Bonds signs one-year contract with Giants
Bonds officially signed his one-year, $15.8 million contract on Thursday, keeping the seven-time MVP in San Francisco for a 15th consecutive season.
The deal originally was announced last month, but contract terms were not finalized until Thursday.
Bonds is scheduled to participate in the Giants’ first full-squad workout on Tuesday.
Bonds needs 22 homers to break Aaron’s mark of 755. Second on the all-time list with 734 career home runs, Bonds batted .270 with 26 homers last season.
Bonds has battled knee injuries and also has been at the center of baseball’s ongoing steroids controversy over the past several years. The 42-year-old slugger underwent three operations on his right knee in 2005 and has appeared in a total of just 144 games in the last two campaigns.
At the conclusion of last season, Bonds had surgery to remove bone chips from his left elbow.
Bonds got off to a slow start in 2006, hitting just .240 through July. But the 13-time All-Star rebounded over the last two months, smacking 12 homers in August and September to reach the 25-homer plateau for the 17th time.
Entering his 22nd season, Bonds still has excellent power in addition to a keen eye. He walked 115 times in 130 games last season - including a major league-leading 38 intentional passes - and has received a record 2,426 walks in his legendary career.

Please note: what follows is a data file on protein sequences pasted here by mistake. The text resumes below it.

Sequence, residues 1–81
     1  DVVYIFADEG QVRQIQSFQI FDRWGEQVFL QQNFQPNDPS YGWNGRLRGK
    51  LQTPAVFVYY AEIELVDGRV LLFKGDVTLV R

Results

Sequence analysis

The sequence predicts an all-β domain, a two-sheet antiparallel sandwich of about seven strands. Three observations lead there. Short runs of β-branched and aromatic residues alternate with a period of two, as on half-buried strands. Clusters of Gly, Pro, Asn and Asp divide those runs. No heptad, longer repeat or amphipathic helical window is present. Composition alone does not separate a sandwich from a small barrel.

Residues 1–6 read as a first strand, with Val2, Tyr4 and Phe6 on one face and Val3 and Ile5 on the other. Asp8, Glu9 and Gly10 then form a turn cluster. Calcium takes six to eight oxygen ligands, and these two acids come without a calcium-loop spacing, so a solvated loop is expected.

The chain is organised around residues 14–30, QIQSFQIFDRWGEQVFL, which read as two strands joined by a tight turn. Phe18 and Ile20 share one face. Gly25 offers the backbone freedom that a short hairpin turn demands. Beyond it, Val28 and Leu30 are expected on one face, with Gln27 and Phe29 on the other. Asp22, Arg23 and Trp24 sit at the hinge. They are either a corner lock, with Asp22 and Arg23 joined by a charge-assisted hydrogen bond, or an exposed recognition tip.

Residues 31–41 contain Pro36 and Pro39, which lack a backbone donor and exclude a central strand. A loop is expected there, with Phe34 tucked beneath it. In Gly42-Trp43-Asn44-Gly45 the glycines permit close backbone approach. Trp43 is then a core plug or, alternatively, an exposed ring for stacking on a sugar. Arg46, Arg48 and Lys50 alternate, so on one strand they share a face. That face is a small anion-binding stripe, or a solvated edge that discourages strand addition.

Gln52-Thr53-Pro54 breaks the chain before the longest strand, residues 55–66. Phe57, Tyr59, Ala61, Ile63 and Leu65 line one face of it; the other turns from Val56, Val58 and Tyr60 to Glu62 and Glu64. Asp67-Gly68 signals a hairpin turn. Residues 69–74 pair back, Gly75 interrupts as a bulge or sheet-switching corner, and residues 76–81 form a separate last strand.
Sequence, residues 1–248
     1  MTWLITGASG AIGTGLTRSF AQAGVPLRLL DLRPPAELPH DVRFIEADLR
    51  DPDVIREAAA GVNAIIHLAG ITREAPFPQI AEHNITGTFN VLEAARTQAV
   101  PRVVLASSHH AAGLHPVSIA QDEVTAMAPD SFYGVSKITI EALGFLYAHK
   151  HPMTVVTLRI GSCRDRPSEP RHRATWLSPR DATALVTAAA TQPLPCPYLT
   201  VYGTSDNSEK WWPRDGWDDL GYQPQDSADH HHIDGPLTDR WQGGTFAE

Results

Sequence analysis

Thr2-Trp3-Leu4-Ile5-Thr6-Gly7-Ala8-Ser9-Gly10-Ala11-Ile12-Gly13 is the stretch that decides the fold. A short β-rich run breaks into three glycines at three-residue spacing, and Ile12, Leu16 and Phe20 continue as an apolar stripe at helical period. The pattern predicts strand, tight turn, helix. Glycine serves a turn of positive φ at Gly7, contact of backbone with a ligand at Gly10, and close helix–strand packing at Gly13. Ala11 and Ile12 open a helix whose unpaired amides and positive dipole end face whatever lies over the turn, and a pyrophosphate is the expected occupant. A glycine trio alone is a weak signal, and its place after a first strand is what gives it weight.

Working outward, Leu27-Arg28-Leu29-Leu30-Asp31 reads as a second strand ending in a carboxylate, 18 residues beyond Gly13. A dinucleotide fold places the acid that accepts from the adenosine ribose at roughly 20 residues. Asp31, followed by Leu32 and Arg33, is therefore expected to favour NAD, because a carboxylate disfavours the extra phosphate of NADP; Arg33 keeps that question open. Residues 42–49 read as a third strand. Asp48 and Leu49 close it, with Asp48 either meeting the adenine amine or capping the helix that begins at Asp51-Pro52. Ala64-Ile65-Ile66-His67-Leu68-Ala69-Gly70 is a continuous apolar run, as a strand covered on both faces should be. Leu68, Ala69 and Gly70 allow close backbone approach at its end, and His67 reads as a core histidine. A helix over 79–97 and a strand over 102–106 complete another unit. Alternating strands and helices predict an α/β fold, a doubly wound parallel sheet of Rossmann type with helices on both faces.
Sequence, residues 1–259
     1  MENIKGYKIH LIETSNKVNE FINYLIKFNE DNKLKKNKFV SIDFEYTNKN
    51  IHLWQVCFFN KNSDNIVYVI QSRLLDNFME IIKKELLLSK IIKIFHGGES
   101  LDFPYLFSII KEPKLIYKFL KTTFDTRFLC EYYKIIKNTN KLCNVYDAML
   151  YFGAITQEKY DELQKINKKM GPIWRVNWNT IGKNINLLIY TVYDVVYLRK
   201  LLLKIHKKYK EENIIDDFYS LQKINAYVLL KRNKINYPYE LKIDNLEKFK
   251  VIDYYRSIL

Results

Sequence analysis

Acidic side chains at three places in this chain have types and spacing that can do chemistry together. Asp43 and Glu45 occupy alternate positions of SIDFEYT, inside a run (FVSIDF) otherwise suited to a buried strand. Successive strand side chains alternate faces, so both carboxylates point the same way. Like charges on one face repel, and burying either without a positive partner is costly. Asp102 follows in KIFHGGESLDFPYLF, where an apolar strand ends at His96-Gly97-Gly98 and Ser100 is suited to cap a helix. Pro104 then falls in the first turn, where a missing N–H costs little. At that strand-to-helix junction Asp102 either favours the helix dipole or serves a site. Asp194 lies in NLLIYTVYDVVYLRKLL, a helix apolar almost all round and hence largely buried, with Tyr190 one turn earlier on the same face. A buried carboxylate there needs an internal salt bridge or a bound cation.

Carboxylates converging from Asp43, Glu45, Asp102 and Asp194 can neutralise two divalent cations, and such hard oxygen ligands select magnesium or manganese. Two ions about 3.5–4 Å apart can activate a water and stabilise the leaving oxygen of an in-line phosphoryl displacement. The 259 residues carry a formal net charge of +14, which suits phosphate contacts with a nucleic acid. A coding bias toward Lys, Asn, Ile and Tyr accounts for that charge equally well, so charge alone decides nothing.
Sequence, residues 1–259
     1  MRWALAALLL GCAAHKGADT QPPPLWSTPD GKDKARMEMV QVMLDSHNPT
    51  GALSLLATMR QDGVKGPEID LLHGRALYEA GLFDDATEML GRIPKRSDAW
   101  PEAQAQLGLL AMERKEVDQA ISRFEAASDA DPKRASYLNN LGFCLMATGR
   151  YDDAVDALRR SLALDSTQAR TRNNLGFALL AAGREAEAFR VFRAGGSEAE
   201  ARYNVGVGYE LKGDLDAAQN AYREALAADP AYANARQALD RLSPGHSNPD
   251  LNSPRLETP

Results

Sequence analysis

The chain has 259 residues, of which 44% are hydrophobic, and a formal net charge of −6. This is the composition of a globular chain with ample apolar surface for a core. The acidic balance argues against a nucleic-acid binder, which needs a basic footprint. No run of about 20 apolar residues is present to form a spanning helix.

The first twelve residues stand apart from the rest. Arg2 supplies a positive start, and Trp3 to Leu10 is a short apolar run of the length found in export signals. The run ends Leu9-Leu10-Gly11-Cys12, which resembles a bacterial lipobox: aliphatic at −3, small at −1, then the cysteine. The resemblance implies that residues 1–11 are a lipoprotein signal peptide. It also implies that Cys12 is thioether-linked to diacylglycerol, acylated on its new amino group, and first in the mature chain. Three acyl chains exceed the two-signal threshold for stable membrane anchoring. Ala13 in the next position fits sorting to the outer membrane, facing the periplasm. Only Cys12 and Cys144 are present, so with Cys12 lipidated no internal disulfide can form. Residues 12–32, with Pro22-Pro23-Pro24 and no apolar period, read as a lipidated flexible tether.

But all of Bonds’ production and pursuit of the home run record will come with a price.
Already under intense scrutiny in baseball’s ongoing steroids controversy, Bonds reportedly failed an amphetamines test last season, and the New York Daily News reported that Bonds attributed the positive test results to a substance he took from the locker of teammate Mark Sweeney.
Bonds later absolved Sweeney of any involvement but never commented on whether or not he took amphetamines. Bonds, who repeatedly has denied ever knowingly taking steroids, already is under a federal grand jury investigation for perjury.
On December 4, 2003, Bonds was one of several athletes forced to testify as part of the BALCO case, which centered around the San Francisco-area lab, its founder Victor Conte, and Greg Anderson - Bonds’ personal trainer and longtime friend.
Anderson was indicted for illegal distribution of steroids. Bonds told the grand jury that he believed Anderson had given him flaxseed oil and arthritic balm, a substance that turned out to contain steroids.
A book released in 2006 by San Francisco Chronicle reporters Mark Fainaru-Wada and Lance Williams, “Game of Shadows” alleges Bonds engaged in persistent doping, taking four different kinds of steroids as well as insulin and human growth hormone during 2001 alone, when he hit 73 homers to break Mark McGwire’s single-season record.